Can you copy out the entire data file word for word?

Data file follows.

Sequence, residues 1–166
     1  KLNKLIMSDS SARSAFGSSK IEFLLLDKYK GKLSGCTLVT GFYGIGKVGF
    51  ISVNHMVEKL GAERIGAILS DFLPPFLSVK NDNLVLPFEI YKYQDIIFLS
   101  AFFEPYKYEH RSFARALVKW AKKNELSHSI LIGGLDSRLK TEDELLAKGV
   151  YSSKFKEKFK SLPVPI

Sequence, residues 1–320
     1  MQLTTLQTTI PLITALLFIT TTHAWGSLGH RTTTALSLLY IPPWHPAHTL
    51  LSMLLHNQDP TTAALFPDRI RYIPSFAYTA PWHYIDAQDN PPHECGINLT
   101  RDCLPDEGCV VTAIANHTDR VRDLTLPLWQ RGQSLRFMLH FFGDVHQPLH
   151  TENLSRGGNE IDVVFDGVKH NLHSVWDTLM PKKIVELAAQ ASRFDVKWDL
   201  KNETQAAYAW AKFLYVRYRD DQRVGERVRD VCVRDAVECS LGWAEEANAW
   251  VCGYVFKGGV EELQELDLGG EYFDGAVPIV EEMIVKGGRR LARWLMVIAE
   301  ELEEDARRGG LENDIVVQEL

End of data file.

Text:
Sequence, residues 1–166
     1  KLNKLIMSDS SARSAFGSSK IEFLLLDKYK GKLSGCTLVT GFYGIGKVGF
    51  ISVNHMVEKL GAERIGAILS DFLPPFLSVK NDNLVLPFEI YKYQDIIFLS
   101  AFFEPYKYEH RSFARALVKW AKKNELSHSI LIGGLDSRLK TEDELLAKGV
   151  YSSKFKEKFK SLPVPI

Sequence, residues 1–320
     1  MQLTTLQTTI PLITALLFIT TTHAWGSLGH RTTTALSLLY IPPWHPAHTL
    51  LSMLLHNQDP TTAALFPDRI RYIPSFAYTA PWHYIDAQDN PPHECGINLT
   101  RDCLPDEGCV VTAIANHTDR VRDLTLPLWQ RGQSLRFMLH FFGDVHQPLH
   151  TENLSRGGNE IDVVFDGVKH NLHSVWDTLM PKKIVELAAQ ASRFDVKWDL
   201  KNETQAAYAW AKFLYVRYRD DQRVGERVRD VCVRDAVECS LGWAEEANAW
   251  VCGYVFKGGV EELQELDLGG EYFDGAVPIV EEMIVKGGRR LARWLMVIAE
   301  ELEEDARRGG LENDIVVQEL